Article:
No, no, no, not that
It’s Day 3 of the 2017 Salt Lake Institute of Genealogy — and the pace is picking up.
But The Legal Genealogist can’t allow her faithful readers to suffer the pangs of withdrawal, so… once again…
The term of the day (a reprise from 20141):
Now stop that.
Just stop that.
I know what you’re thinking, and you’re wrong.
Yeah, I know that naked means, well, naked in some parts of the law. As in not being out in public naked, a matter that’s illegal just about everywhere in the United States.2
No, here today we’re exposing … um… looking at … um … focusing on the word in its purely legal sense.
And, in the law, it means, “as a term of jurisprudence, this word is equivalent to bare, wanting in necessary conditions, incomplete.”3
So you’ll see the word used, for example, when a criminal court or police court record of some kind talks about a “naked confession” — “a confession of crime which is unsupported by any evidence of the commission of the offense.”4
You’d have a naked confession where a person comes in to the police station and confesses to having walked around downtown for two hours while naked… and there’s not a shred of other evidence that any crime was ever committed.
You’ll see the word used in some business records and in court records in the phrase “naked deposit” — a “bailment of goods to be kept for the depositor, without hire or reward on either side.”5
You’d have a naked deposit where you leave your car parked at my house during a trip, but you’re not paying me to take care of it. It comes up in the context of lawsuits when something bad happens to the thing that was left (the car gets sideswiped by my teenage nephew) and you sue me (and I defend on the grounds that I didn’t have any legal obligation to keep your car safe).
You’ll see the word used in a lot of court and particularly probate court records in the phrase “naked power” — a power “which is simply collateral and without interest in the donee, which arises when, to a mere stranger, authority is given of disposing of an interest, in which he had not before, nor has by the instrument creating the power, any estate whatsoever.” 6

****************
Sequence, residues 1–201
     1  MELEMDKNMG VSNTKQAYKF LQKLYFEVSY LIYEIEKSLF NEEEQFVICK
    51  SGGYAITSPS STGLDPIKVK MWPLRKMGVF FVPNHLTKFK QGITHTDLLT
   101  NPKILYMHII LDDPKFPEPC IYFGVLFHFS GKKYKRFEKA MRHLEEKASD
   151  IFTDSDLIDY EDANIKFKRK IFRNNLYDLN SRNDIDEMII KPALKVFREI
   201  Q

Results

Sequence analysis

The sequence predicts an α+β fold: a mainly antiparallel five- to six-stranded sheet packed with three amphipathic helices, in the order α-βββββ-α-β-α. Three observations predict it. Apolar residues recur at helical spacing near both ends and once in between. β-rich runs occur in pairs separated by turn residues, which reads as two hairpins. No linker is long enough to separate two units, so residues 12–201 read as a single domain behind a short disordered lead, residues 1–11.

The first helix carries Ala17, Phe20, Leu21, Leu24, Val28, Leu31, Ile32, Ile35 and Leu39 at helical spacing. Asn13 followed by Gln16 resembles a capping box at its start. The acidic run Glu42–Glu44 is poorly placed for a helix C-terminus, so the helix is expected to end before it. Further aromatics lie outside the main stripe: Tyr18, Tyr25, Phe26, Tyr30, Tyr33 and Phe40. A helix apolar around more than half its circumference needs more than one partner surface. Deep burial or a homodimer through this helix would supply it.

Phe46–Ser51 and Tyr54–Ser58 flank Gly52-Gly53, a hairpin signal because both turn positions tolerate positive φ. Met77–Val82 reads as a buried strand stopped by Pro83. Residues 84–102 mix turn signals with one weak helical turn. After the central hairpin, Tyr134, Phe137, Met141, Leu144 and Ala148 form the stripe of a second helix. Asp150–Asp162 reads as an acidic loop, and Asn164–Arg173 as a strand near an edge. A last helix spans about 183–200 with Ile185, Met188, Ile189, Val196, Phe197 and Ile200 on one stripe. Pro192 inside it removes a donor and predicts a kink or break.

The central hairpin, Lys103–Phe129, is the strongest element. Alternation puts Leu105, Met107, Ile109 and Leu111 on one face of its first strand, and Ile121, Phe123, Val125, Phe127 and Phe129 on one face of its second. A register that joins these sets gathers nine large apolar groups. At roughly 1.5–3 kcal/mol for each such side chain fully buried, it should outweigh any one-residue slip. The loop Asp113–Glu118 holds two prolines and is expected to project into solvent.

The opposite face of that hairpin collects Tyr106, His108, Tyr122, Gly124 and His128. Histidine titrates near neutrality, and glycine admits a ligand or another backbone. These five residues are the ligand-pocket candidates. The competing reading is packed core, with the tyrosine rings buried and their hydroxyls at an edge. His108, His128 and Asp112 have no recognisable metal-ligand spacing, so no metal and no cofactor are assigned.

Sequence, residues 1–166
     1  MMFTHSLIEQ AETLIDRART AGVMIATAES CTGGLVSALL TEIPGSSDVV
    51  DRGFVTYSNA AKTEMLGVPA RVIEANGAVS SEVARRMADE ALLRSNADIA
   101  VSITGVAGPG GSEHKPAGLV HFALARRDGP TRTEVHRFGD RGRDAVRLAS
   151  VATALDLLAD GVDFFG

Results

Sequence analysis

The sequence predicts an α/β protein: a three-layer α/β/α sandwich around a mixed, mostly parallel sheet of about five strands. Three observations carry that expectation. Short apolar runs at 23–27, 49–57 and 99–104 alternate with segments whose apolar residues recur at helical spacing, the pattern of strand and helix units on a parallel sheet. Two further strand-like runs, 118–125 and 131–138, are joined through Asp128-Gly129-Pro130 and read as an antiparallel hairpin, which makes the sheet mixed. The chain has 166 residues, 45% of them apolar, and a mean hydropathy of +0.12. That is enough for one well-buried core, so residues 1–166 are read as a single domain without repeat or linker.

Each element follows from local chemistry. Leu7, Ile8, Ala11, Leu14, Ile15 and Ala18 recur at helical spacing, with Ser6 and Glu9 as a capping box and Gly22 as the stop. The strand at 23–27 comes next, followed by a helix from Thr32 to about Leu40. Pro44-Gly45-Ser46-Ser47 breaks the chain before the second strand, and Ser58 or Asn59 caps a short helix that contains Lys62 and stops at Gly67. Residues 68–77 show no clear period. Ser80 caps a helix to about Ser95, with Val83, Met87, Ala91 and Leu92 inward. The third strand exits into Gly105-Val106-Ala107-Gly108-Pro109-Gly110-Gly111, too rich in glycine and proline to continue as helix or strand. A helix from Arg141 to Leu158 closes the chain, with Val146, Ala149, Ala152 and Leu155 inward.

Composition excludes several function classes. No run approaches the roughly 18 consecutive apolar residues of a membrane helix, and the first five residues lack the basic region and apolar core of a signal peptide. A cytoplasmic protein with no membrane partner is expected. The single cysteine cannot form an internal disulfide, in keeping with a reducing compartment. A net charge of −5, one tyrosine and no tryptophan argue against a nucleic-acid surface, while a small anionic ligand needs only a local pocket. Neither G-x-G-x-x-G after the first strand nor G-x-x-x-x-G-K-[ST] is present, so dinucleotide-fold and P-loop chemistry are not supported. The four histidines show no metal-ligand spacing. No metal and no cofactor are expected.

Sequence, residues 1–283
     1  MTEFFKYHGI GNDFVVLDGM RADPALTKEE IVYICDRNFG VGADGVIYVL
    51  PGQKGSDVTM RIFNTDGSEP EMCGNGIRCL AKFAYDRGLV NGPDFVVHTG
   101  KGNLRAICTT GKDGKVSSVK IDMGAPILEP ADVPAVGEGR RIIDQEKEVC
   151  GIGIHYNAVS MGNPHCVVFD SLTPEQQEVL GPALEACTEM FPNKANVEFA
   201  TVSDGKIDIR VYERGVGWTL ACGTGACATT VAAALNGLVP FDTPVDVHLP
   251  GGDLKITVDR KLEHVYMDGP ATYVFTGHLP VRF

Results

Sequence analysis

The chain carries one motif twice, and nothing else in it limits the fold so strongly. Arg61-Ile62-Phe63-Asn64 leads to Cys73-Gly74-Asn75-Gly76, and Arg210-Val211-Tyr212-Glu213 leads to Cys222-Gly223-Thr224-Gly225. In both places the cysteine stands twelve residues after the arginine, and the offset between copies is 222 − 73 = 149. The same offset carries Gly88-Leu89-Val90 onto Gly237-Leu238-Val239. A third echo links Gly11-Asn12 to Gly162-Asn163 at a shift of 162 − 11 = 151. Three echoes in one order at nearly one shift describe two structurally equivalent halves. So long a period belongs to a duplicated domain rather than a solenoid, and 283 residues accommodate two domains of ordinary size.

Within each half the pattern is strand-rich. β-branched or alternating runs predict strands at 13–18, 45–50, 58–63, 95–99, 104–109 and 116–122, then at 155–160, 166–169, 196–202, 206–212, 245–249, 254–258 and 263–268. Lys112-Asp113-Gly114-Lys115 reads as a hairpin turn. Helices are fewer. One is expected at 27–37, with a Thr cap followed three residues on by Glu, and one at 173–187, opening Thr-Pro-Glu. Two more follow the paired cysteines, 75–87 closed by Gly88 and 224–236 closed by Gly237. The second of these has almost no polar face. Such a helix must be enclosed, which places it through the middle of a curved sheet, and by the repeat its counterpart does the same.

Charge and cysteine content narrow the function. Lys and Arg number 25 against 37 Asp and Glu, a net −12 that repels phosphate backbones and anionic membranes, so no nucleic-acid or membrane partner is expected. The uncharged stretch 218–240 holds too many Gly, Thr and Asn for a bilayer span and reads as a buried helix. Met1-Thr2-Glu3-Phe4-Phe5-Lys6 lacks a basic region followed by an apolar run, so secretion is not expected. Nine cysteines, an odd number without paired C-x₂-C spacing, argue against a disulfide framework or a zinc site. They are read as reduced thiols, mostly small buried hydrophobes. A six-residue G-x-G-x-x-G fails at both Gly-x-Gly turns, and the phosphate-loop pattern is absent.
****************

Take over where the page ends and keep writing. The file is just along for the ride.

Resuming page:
When, for example, in John’s will, he directs his old buddy Rufus to deliver a horse to John’s nephew Zacharias, Rufus has the naked power to take possession of the horse from the estate, transport it to wherever Zacharias is, and hand over the reins.
And you’ll see the word used the same way in those same records in the phrase “naked trust” — a “passive trust; one which requires no action on the part of the trustee, beyond turning over money or property” to the intended beneficiary.7
But you’ll probably see it most often in civil court records and court opinions where the dispute is over a contract and whether the contract is valid, and the argument is that it’s a “naked contract” — “a contract devoid of consideration, and therefore invalid.”8
And there, you’ll often run into it in its Latin form, nudum pactum: “A contract made without a consideration,; it is called a nude or naked contract, because it is not clothed with the consideration required by law, in order to give an action.”9
And consideration is…
Well, why don’t we consider that as a term of the day some other time…?
- Judy G. Russell, “Term ofg the day: naked,” The Legal Genealogist, posted 13 Jan 2014 (https://www.legalgenealogist.com/blog : accessed 25 Jan 2017). ↩
- Okay, it’s true that there are some nude beaches and places like that. But for the most part, even when it’s not freezing out, running around in your birthday suit is frowned on. ↩
- Henry Campbell Black, A Dictionary of Law (St. Paul, Minn. : West, 1891), 798, “naked.” ↩
- Ibid., “naked confession.” ↩
- Ibid., “naked deposit.” ↩
- Ibid., “naked power.” ↩
- Ibid., “naked trust.” ↩
- Ibid., “naked.” ↩
- John Bouvier, A Law Dictionary Adapted to the Constitution and Laws of the United States of America and of the Several States of the American Union, rev. 6th ed. (1856); HTML reprint, The Constitution Society (http://www.constitution.org/bouv/bouvier.htm : accessed 25 Jan 2017), “nudum pactum.” ↩